Last week, Vox Media told staff there would be no open bar at this year’s company holiday party. The announcement came a month after the firing of Lockhart Steele, Vox’s editorial director and former CEO, for sexual harassment. At the time, Steele admitted to “engaging in conduct that is inconsistent with our core values and is not tolerated at Vox Media” — a move that prompted Vox to hire an outside law firm to investigate allegations of sexual abuse within the company. This new, seasonally appropriate iteration of the so-called Weinstein effect means employees will only get two drink tickets and will also be served more food. There will be no cash bar.
The less boozy party is presumably designed to protect staff, but surely the company also wants to protect itself. “We recognize that even though alcohol isn’t always the reason for unprofessional behavior,” reads a leaked staff memo, “creating an environment that encourages overconsumption certainly contributes to it.” Vox is apparently not alone in its thinking: about 11 per cent of American companies won’t hold a holiday party this year — a small number, sure, but a big jump from 4 per cent last year. What’s more, while 62 per cent of parties served alcohol last year, this year only 49 per cent will do so.
“There’s no economic reason right now that we see these holiday parties being scaled back,” Andrew Challenger, vice-president of Challenger, Gray & Christmas, the company that conducts the annual survey, told Marketwatch. He attributed the “anomaly” to the Weinstein effect. Meanwhile, in Canada, the CEO of one Toronto-based HR firm told the Toronto Star that while she hasn’t seen a reluctance to hold such parties, she has been asked for guidelines — mostly around drinking. She also said she’s done more “anti-harassment training in the last six months than ever.”
Many of us have been to that company party: the one where some co-workers drink too much and act as they might not otherwise. I was a guest at one such party recently. There was raucous, intoxicated dancing, and people were obviously having fun. Eventually, a few men pulled a few women into the centre of the dance floor for some one-on-one shimmying — even after some women protested. One in particular struck me: she briefly humoured one of the men, then slipped away to stand next to her friend, sharing (what I thought was) the universal look of: awkwarrrrd. The woman shook her head vigorously when he returned with his finger crooked in a come on gesture, but after some razzing, she went, as he gyrated in front of her.
It’s not unfair to assume that bad behaviour would be curbed if only the alcohol didn’t flow so freely at holiday parties. After all, several studies have found that nearly half of sexual assault cases involve alcohol. Studies have also shown that, for men, alcohol can act as an excuse for sexual aggression, or worse, assault. Even in cases where they’ve been given a placebo, men have reported increased arousal. Researchers call the notion that alcohol makes men more dominant and loosens women’s inhibitions an “expectancy belief” — and they warn that it can set the stage for rape.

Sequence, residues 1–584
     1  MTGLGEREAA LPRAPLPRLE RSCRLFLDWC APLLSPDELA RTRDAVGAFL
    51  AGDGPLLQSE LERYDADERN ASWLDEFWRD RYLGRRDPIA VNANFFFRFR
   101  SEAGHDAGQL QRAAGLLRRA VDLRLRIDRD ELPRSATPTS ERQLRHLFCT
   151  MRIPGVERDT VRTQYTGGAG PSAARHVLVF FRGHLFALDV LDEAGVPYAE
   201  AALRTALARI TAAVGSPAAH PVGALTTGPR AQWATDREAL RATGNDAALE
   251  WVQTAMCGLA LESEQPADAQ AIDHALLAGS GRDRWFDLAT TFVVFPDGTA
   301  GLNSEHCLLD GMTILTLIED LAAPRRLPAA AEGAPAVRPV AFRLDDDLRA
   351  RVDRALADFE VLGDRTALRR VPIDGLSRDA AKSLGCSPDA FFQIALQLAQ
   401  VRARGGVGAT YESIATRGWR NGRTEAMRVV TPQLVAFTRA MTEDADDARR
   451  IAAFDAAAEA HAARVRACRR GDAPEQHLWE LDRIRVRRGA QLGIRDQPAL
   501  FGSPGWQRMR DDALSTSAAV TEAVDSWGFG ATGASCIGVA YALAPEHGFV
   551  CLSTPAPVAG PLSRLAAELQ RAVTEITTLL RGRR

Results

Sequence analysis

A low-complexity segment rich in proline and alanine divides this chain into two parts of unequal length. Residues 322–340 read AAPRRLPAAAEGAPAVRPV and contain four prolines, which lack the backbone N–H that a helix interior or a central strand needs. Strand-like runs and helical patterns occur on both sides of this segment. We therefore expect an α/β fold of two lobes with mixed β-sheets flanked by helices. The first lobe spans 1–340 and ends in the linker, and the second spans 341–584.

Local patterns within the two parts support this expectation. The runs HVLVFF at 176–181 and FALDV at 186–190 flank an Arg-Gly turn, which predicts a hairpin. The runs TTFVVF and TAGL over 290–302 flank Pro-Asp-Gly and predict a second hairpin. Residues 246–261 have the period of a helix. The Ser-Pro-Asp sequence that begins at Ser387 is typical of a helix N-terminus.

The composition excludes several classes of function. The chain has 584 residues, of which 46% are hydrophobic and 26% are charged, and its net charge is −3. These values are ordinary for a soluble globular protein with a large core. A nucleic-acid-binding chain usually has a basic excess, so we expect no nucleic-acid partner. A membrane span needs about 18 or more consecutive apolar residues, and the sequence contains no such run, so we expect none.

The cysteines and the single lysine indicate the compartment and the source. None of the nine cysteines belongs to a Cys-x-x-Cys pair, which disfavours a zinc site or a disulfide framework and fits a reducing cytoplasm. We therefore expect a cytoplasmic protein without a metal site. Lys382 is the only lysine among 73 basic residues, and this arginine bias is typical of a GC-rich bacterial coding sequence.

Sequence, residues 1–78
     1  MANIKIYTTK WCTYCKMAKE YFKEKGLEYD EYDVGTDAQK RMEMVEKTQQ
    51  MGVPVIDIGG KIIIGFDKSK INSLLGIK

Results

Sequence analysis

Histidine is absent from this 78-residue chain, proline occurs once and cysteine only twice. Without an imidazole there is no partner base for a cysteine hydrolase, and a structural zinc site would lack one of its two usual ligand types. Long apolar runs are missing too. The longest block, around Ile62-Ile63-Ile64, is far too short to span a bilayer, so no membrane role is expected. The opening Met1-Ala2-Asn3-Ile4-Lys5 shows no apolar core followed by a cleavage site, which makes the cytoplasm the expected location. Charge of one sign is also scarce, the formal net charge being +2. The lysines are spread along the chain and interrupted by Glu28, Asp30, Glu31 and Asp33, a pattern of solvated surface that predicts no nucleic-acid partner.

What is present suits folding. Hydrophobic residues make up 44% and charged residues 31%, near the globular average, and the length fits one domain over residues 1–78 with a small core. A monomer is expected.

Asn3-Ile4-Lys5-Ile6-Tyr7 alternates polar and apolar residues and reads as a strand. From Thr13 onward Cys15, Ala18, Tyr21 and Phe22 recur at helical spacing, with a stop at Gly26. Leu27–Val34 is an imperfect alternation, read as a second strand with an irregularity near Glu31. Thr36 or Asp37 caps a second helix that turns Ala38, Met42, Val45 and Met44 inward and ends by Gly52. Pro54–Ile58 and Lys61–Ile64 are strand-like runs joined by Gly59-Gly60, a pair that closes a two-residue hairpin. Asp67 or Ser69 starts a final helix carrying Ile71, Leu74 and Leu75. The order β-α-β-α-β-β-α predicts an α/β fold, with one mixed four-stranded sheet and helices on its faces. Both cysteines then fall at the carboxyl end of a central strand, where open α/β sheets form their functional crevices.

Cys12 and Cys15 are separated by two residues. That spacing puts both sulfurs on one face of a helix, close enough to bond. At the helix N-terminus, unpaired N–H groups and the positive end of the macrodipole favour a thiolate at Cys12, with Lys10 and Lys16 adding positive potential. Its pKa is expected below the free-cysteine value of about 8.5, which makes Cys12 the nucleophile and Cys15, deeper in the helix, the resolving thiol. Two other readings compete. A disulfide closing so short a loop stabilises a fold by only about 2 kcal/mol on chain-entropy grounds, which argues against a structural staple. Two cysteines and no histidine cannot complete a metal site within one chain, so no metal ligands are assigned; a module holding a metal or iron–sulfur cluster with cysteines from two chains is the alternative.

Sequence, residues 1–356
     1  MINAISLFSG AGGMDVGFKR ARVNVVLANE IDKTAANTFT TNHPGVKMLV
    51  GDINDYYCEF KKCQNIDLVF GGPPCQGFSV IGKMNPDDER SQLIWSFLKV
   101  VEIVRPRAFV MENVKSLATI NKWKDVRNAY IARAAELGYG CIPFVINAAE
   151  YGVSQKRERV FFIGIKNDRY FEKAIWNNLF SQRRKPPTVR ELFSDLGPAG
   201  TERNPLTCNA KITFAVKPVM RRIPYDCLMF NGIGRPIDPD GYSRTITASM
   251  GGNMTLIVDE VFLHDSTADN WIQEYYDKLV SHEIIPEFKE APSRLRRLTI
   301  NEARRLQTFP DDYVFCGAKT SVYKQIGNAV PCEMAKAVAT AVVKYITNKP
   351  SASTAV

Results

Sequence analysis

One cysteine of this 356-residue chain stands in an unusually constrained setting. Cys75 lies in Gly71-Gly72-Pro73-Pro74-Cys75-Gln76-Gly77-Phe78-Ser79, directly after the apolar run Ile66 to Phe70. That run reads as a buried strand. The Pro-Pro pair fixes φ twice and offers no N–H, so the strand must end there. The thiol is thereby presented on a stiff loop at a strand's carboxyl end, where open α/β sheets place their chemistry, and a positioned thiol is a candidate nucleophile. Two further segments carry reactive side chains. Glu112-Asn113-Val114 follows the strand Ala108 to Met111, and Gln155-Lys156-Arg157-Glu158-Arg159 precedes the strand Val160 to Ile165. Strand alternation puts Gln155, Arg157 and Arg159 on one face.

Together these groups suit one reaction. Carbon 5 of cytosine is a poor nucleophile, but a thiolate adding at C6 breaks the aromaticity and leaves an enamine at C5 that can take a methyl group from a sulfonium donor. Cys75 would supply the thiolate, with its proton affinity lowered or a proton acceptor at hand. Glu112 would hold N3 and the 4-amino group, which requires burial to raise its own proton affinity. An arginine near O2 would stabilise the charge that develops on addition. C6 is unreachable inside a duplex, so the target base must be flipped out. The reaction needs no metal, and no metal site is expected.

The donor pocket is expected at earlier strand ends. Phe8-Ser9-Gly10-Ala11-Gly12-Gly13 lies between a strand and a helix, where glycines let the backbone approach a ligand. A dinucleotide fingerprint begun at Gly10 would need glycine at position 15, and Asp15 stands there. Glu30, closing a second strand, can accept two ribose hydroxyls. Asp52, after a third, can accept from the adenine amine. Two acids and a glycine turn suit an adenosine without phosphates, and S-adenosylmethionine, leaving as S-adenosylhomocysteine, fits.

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Considering all this, low- or no-alcohol policies can’t hurt. And yet, while alcohol may embolden potential assaulters, it does not excuse their behaviour. In case it needs to be said: plenty of people get drunk all the time and manage not to rape. Plenty of sober people do rape. It’s in this context that we should return to Vox’s statement: We recognize that … alcohol isn’t always the reason. The use of “always” here seems like an attempt to shift the blame from company culture to drinking culture.
It’s a way to say: We do not have a systemic problem. We have not created an environment in which it’s permissible to harass women at work. It’s just the alcohol, and we know that’s bad, so we’re fixing it — presto!
At best, sober parties are a very small first step; at worst, they pay misguided lip service to a serious problem while allowing cultures of harassment to continue to flourish at the office. Consider that, at Vox, the woman who accused Steele did also report his harassment. Later on, she discovered she wasn’t the only one who did so, but that his initial punishment was to no longer be able to drink at work functions — as if that solved everything.
That was, we must remember, the typical response to sexual harassment complaints before the #MeToo movement changed things: to sweep them under the rug, to blame bad behaviour on drinking or stress or misunderstanding. Or, really, on anything other than what it was: the deeply ingrained belief that having power means you can do anything you want to someone else’s body. #MeToo reminded us that workplace harassment happens everywhere, and can happen under any circumstance — not just at drunken office parties.
Many companies, including Vox, have taken other steps to address the issue (including limiting alcohol in general). But companies need to move beyond boozy holiday parties. They need to conduct internal investigations. They need to create new cultures, in which harassment and sexism do not belong. They need to cut clear pathways to HR departments in cases where behaviour does cross the line — and they need to make sure those cases are handled proactively and with respect. None of these things are easy, and they will involve real growing pains, but they are essential. Otherwise, companies are just reinforcing old myths under the guise of action.
Lauren McKeon is the digital editor of The Walrus. She's the author of F-Bomb: Dispatches from the War on Feminism, published by Goose Lane Editions.
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